The project’s advisory committee includes Dr. Stefan Litt (The National Library of Israel), Dr. Yaacov Lozowick (Israel State Archives), Prof. Guy Miron (Schechter Institute Jerusalem), and Dr. Anja Siegemund (Leo Baeck Institute Jerusalem). It is funded by the German Federal Foreign Office.

See the left menu for the description of the ongoing projects as well as the ones already concluded.

Location: National Library of Israel, Jerusalem
Arranged & described by: Dr. Judith Poppe
Further information: NLI online catalogue


The papers of the poet Netti Boleslav (Jungbunzlau/Mladá Boleslav 1923 – Tel Aviv 1981) consist of letters, diaries, manuscripts and personal documents, which shed light into Boleslav’s writing. The collection includes letters from Boleslav’s parents in Prague (1930s – 1941) and various materials on her lecture-tours in Germany in the 1960s and 1970s as well as several drafts/fragments of an autobiographical novel, which she never completed. The material is particularly significant insofar as it provides important insight into the work of a German-language writer in British Mandate Palestine/Israel.

Location: National Library of Israel, Jerusalem
Detailed description by: Dr. Amalia Kedem
Further information: NLI Online Catalogue

The collection contains musical scores, documents, photos, letters, manuscripts, and news-paper clippings of Chemjo Vinaver (1895–1973), a choir conductor, researcher (esp. Hasidic music), and coordinator of music for choir. Vinaver was married to Mascha Kaléko; he studied and worked in Berlin until his emigration from Nazi-Germany in 1938. The collection documents Vinaver’s work in Germany, the USA, and Israel; in particular, it provides an insight into his composing and into research related to his elaborate Anthology of Jewish Music (1955).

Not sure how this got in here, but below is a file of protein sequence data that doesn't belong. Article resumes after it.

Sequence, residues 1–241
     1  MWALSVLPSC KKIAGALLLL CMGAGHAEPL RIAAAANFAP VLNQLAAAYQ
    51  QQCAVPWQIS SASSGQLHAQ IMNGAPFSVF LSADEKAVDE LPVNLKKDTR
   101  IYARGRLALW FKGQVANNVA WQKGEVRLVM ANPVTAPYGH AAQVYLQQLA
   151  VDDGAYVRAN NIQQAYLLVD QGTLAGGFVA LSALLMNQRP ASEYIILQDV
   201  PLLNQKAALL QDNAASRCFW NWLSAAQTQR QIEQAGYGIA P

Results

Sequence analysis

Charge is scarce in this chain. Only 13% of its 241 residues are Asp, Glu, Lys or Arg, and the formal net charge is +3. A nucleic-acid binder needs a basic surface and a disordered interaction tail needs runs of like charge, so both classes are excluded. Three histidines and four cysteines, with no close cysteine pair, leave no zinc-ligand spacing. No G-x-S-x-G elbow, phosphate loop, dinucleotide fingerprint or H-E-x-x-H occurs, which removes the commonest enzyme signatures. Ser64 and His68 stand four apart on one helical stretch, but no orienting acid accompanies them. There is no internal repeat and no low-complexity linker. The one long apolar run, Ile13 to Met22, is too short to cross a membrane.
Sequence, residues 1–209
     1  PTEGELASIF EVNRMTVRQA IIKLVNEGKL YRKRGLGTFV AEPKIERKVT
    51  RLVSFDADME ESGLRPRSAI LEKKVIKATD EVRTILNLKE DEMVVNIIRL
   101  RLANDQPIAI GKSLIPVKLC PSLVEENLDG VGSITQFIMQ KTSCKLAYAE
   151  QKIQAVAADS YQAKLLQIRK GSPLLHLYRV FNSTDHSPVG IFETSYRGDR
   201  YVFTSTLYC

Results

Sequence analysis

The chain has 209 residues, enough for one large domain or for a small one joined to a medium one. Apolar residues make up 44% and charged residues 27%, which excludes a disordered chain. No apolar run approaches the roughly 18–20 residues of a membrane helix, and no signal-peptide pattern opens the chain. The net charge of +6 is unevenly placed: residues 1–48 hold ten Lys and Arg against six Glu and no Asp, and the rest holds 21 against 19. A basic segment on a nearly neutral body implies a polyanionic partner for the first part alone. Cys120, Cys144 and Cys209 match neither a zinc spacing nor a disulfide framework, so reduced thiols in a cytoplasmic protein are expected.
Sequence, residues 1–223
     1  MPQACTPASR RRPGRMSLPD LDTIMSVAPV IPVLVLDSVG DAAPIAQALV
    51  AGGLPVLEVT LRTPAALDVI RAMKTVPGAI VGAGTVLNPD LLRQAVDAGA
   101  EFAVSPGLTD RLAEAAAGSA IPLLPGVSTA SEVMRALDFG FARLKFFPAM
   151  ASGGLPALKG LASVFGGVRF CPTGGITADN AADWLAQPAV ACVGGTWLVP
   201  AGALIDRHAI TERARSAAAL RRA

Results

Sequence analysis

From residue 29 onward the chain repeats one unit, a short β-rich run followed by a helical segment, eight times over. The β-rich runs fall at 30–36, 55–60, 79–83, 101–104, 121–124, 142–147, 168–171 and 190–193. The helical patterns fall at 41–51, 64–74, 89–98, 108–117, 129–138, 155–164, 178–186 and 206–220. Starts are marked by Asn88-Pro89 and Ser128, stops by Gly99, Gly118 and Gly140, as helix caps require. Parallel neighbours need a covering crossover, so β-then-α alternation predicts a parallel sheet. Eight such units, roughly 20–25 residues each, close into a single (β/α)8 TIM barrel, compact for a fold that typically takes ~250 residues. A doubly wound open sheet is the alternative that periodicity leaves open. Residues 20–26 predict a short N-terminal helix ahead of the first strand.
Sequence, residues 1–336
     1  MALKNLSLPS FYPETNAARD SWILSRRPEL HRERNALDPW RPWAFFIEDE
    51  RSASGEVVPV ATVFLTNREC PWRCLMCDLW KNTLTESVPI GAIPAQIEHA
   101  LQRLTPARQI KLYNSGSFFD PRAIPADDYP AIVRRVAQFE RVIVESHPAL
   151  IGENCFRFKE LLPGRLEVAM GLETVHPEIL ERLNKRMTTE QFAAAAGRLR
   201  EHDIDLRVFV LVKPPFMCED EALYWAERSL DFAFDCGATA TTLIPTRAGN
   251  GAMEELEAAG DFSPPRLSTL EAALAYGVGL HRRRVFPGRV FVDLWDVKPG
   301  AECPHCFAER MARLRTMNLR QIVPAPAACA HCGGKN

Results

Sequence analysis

Location: National Library of Israel, Jerusalem
Arranged & described by: Dr. Hanan HarifTom Fogel
Further information: NLI online catalogue (now partly available)

The NLI holds ca. 30 boxes of the papers of Shlomo Dov Goitein (Burgkunstadt 1900 – Princeton 1985), one of the leading Orientalists and Medievalists of the 20th century who received his academic training in Frankfurt. The papers include correspondence, manuscripts, notes, private diaries, travel literature and ethnographic reports. Goitein taught at the Hebrew University of Jerusalem and at the University of Pennsylvania. In 1971, he became a member of the Institute for Advanced Studies in Princeton. Goitein’s scope of scholarship ranged from early Islamic history and theology, Arab-Jewish literature and Medieval Jewish history to the history and culture of Yemenite Jewry. His pioneering research on the ‘Cairo Geniza’ is reflected in the six volumes of Mediterranean Society (1967 and 1983).

Location: Israeli Documentation Center for the Performing Arts, Tel Aviv
Arranged and described by: Jan Kühne
Further information: Israeli Documentation Center for the Performing Arts

The archive contains the historical records of the Habima Secretariat in Berlin 1928–1933 – mainly letters, legal documents, contracts, and bills in German (bulk), Hebrew, Polish, Yiddish, Russian, English, and French. The Hebrew theatre Habima (est. in Moscow 1918) became the National Theatre of Israel in 1948. Most materials pertain to the legal philanthropic bodies, Habima Friends’ Circle and the Patrons’ Organization.

Location: Central Archives for the History of the Jewish People (CAHJP), Jerusalem
Arranged & described by: Sonja Dickow
Further information: CAHJP Finding Aid

The collection – mainly letters, manuscripts, personal documents, published works, books and photographs – covers a time span from 1881 until 2013 and reveals new perspectives on the life and work of C. Z. (Hans) Kloetzel (1891–1951) in Berlin and Jerusalem as well as information about members of his family before and after the rise of National Socialism in Germany.

Location: The Leo Baeck Institute Jerusalem (LBI)
Cataloguing: Judith Siepmann
Further Information: Online catalogue of the Center for Jewish History, New York